Rochdale Society of Equitable Pioneers
 

The Rochdale Society of Equitable Pioneers, founded in 1844, was an early consumer co-operative, and one of the first to pay a patronage dividend, forming the basis for the modern co-operative movement. Although other co-operatives preceded them, the Rochdale Pioneers' co-operative became the prototype for societies in Great Britain. The Rochdale Pioneers are most famous for designing the Rochdale Principles, a set of principles of co-operation that provide the foundation for the principles on which co-ops around the world operate to this day. The model the Rochdale Pioneers used is a focus of study within co-operative economics.

 
History
The Rochdale Society of Equitable Pioneers was a group of 28, around half were weavers in Rochdale, Lancashire, England, that was formed in 1844. As the mechanisation of the Industrial Revolution was forcing more and more skilled workers into poverty, these tradesmen decided to band together to open their own store selling food items they could not otherwise afford. With lessons from prior failed attempts at co-operation in mind, they designed the now famous Rochdale Principles, and over a period of four months they struggled to pool £1 per person for a total of 28 pounds of capital. On 21 December 1844, they opened their store with a very meagre selection of butter, sugar, flour, oatmeal and a few candles. Within three months, they expanded their selection to include tea and tobacco, and they were soon known for providing high quality, unadulterated goods. Ten years later, the British co-operative movement had grown to nearly 1,000 co-operatives.

The Archive for the Co-operative movement in Rochdale is held by Local Studies, Rochdale Boroughwide Cultural Trust. Rochdale Pioneers traded independently until 1991, with name changes inspired by mergers with neighbouring co-operatives, as Pioneers from 1976, and Norwest Pioneers from 1982, based in Wythenshawe, Manchester by 1991. In 1991, then Norwest Co-operative Society transferred its engagements to United Co-operatives, that was run from Rochdale when it in turn transferred to the Manchester-based national hybrid society, The Co-operative Group, in 2007.

From Wikipedia, the free encyclopedia

 
 
 
1844
 
 
"Fliegende Blatter"
 

German humorous weekly paper "Fliegende Blatter," Munich

 
The Fliegende Blätter ("Flying Leaves"; also translated as "Flying Pages" or "Loose Sheets") was a German weekly non-political humor and satire magazine appearing in Munich. Many of the illustrations were by well-known artists such as Wilhelm Busch, Count Franz Pocci, Hermann Vogel, Carl Spitzweg, Julius Klinger, Edmund Harburger, Adolf Oberländer and others. It was published by Braun & Schneider, a company belonging to the wood engraver Kaspar Braun and illustrator Friedrich Schneider. Aimed at the German bourgeoisie, it reached a maximum circulation of c.95,000 copies by 1895. It merged in 1928 with a competitor, the Meggendorfer-Blätter.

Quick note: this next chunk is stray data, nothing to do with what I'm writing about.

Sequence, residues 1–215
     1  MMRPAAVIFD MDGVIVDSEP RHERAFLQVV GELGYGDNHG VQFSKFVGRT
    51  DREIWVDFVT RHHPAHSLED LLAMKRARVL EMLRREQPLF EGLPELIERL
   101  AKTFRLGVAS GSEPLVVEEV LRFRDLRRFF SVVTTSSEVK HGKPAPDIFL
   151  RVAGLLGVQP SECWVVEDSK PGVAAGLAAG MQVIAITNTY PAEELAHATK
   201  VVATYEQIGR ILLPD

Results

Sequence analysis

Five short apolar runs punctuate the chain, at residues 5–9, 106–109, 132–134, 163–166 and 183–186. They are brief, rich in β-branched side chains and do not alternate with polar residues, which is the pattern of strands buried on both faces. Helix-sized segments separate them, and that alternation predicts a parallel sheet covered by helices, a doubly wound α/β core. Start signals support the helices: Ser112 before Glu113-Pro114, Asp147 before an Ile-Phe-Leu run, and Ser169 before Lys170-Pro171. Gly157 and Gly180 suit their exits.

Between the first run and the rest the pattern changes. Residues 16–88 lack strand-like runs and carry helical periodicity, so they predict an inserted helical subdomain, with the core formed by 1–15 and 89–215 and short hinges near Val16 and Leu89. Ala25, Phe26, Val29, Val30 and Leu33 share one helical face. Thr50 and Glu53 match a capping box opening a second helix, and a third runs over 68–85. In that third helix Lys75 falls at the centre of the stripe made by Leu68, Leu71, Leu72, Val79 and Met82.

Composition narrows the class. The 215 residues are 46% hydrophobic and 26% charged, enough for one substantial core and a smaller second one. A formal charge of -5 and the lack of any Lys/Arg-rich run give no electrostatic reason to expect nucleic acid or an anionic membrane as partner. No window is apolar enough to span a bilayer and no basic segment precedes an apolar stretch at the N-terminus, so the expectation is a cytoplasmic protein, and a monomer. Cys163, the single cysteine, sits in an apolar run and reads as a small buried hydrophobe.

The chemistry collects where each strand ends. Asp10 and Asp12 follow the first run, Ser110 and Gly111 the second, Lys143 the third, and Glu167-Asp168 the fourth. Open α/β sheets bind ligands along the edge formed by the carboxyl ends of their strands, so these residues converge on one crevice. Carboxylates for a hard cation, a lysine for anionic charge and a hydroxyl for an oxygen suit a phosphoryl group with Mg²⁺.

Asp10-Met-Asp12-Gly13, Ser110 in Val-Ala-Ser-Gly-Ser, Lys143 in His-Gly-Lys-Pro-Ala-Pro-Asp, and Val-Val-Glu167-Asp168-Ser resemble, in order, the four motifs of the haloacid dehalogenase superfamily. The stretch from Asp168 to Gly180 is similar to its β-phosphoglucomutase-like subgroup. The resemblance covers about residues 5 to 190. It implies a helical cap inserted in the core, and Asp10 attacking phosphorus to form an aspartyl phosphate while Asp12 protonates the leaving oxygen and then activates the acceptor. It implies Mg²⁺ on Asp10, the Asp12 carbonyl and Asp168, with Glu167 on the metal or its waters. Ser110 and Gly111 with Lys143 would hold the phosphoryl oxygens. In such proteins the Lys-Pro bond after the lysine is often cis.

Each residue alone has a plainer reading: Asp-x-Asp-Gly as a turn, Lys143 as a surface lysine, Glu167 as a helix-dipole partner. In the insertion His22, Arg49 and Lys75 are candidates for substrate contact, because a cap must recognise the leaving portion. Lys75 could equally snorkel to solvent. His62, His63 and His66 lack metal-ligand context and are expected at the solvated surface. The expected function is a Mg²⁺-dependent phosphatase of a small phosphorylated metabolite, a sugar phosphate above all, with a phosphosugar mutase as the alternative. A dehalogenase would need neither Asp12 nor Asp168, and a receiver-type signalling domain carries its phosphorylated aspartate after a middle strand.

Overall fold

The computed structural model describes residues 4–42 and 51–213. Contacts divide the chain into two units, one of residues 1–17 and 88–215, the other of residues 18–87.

From Wikipedia, the free encyclopedia
 
 

Kopftitel der Fliegenden Blätter
 
 
 
1844
 
 
Hagenbeck Carl
 

Carl Hagenbeck, (born June 10, 1844, Hamburg [Germany]—died April 14, 1913, Hamburg), internationally known German animal dealer and trainer who controlled animals by befriending them, emphasizing for spectators their intelligence and tractability over their ferocity. He also created the prototype for open-air zoos.

 

Carl Hagenbeck
  Hagenbeck’s father was a fishmonger who had maintained a small animal menagerie, and the young Hagenbeck began his career as an animal dealer, hiring hunters and taking orders from zoos and circuses. He assumed ownership of his father’s enterprise in 1866 and soon was the leading dealer in Europe. When the animal trade declined in the 1870s, he began to produce and travel with “ethnographical shows,” spectacles featuring people and animals from remote regions. One tableau, for example, included a Sami (Lapp) family with reindeer and sledge. In 1884 he toured with 67 Ceylonese, 25 elephants, and a herd of cattle.

In 1887 Hagenbeck took up the cause of humane treatment of animals with the aim of demonstrating that the beatings and hot irons then used in animal training were both cruel and unnecessary.

In 1889 he introduced a lion act in which, as a finale, three lions pulled him around the cage in a chariot. After some years, the Hagenbeck system gradually replaced harsher training methods used in circuses and expositions in Europe and North America. During a trip to the United States in 1906, Hagenback sold his traveling animal show to Benjamin Wallace, who renamed it the Hagenbeck-Wallace Circus.

 
 
The following year, Hagenbeck opened a zoological garden at Stellingen, near Hamburg, where he exhibited animals in uncovered, barless pits. He developed panoramas for such animals as polar bears and tigers that imitated their native habitats. In addition to serving as a prototype for future zoos, Hagenbeck’s zoological garden was a source of animals for zoos and circuses.

Encyclopædia Britannica

 
 

Carl Hagenbeck
 
 
 
1844
 
 
Wood-pulp paper invented by Friedrich Gottlob Keller
 
 
Keller Friedrich Gottlob
 

Friedrich Gottlob Keller (born June 27, 1816 in Hainichen, Saxony – died September 8, 1895 in Krippen, Saxony) was a German machinist and inventor, who (at the same time as Charles Fenerty) invented the wood pulp process for the use in papermaking. He is widely known for his wood-cut machine (used for extracting the fibres needed for pulping wood). Unlike Charles Fenerty, F.G. Keller took out a patent for his wood-cut invention.